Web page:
Diffusion models have emerged as the de facto paradigm for video generation. However, their reliance on web-scale data of varied quality often yields results that are visually unappealing and misaligned with the textual prompts. To tackle this problem, we propose InstructVideo to instruct text-to-video diffusion models with human feedback by reward fine-tuning. InstructVideo has two key ingredients: 1) To ameliorate the cost of reward fine-tuning induced by generating through the full DDIM sampling chain, we recast reward fine-tuning as editing. By leveraging the diffusion process to corrupt a sampled video, InstructVideo requires only partial inference of the DDIM sampling chain, reducing fine-tuning cost while improving fine-tuning efficiency. 2) To mitigate the absence of a dedicated video reward model for human preferences, we repurpose established image reward models, e.g., HPSv2. To this end, we propose Segmental Video Reward, a mechanism to provide reward signals based on segmental sparse sampling, and Temporally Attenuated Reward, a method that mitigates temporal modeling degradation during fine-tuning. Extensive experiments, both qualitative and quantitative, validate the practicality and efficacy of using image reward models in InstructVideo, significantly enhancing the visual quality of generated videos without compromising generalization capabilities. Code and models will be made publicly available.
Despite diffusion models having shown powerful abilities to generate photorealistic images, generating videos that are realistic and diverse still remains in its infancy. One of the key reasons is that current methods intertwine spatial content and temporal dynamics together, leading to a notably increased complexity of text-to-video generation (T2V). In this work, we propose HiGen, a diffusion model-based method that improves performance by decoupling the spatial and temporal factors of videos from two perspectives, i.e., structure level and content level. At the structure level, we decompose the T2V task into two steps, including spatial reasoning and temporal reasoning, using a unified denoiser. Specifically, we generate spatially coherent priors using text during spatial reasoning and then generate temporally coherent motions from these priors during temporal reasoning. At the content level, we extract two subtle cues from the content of the input video that can express motion and appearance changes, respectively. These two cues then guide the model's training for generating videos, enabling flexible content variations and enhancing temporal stability. Through the decoupled paradigm, HiGen can effectively reduce the complexity of this task and generate realistic videos with semantics accuracy and motion stability. Extensive experiments demonstrate the superior performance of HiGen over the state-of-the-art T2V methods.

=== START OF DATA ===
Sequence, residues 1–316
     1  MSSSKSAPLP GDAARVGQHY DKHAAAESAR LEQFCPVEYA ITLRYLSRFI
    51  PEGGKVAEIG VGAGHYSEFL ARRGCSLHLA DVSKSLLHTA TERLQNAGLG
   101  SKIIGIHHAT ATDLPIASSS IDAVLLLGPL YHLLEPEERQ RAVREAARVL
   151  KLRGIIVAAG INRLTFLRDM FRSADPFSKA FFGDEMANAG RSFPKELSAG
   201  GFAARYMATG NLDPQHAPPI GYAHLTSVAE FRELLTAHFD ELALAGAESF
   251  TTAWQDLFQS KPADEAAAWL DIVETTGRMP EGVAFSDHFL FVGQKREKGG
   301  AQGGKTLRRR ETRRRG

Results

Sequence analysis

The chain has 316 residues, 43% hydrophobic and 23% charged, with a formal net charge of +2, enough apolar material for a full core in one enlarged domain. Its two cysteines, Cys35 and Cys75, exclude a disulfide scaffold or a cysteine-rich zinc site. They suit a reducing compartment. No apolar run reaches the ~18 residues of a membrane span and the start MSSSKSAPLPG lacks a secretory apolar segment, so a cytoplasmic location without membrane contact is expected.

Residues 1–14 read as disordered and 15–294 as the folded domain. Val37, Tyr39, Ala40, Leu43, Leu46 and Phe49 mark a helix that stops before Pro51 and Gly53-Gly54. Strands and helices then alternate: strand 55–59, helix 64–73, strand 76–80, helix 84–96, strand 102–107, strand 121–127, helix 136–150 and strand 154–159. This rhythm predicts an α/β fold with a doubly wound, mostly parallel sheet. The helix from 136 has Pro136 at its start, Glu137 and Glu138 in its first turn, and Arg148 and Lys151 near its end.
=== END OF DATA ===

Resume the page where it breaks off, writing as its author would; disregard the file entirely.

Customized generation using diffusion models has made impressive progress in image generation, but remains unsatisfactory in the challenging video generation task, as it requires the controllability of both subjects and motions. To that end, we present DreamVideo, a novel approach to generating personalized videos from a few static images of the desired subject and a few videos of target motion. DreamVideo decouples this task into two stages, subject learning and motion learning, by leveraging a pre-trained video diffusion model. The subject learning aims to accurately capture the fine appearance of the subject from provided images, which is achieved by combining textual inversion and fine-tuning of our carefully designed identity adapter. In motion learning, we architect a motion adapter and fine-tune it on the given videos to effectively model the target motion pattern. Combining these two lightweight and efficient adapters allows for flexible customization of any subject with any motion. Extensive experimental results demonstrate the superior performance of our DreamVideo over the state-of-the-art methods for customized video generation. Our project page is at https://dreamvideo-t2v.github.io.
Cross-corpus speech emotion recognition (SER) seeks to generalize the ability of inferring speech emotion from a well-labeled corpus to an unlabeled one, which is a rather challenging task due to the significant discrepancy between two corpora. Existing methods, typically based on unsupervised domain adaptation (UDA), struggle to learn corpus-invariant features by global distribution alignment, but unfortunately, the resulting features are mixed with corpus-specific features or not class-discriminative. To tackle these challenges, we propose a novel Emotion Decoupling aNd Alignment learning framework (EMO-DNA) for cross-corpus SER, a novel UDA method to learn emotion-relevant corpus-invariant features. The novelties of EMO-DNA are two-fold: contrastive emotion decoupling and dual-level emotion alignment. On one hand, our contrastive emotion decoupling achieves decoupling learning via a contrastive decoupling loss to strengthen the separability of emotion-relevant features from corpus-specific ones. On the other hand, our dual-level emotion alignment introduces an adaptive threshold pseudo-labeling to select confident target samples for class-level alignment, and performs corpus-level alignment to jointly guide model for learning class-discriminative corpus-invariant features across corpora. Extensive experimental results demonstrate the superior performance of EMO-DNA over the state-of-the-art methods in several cross-corpus scenarios. Source code is available at https://github.com/Jiaxin-Ye/Emo-DNA.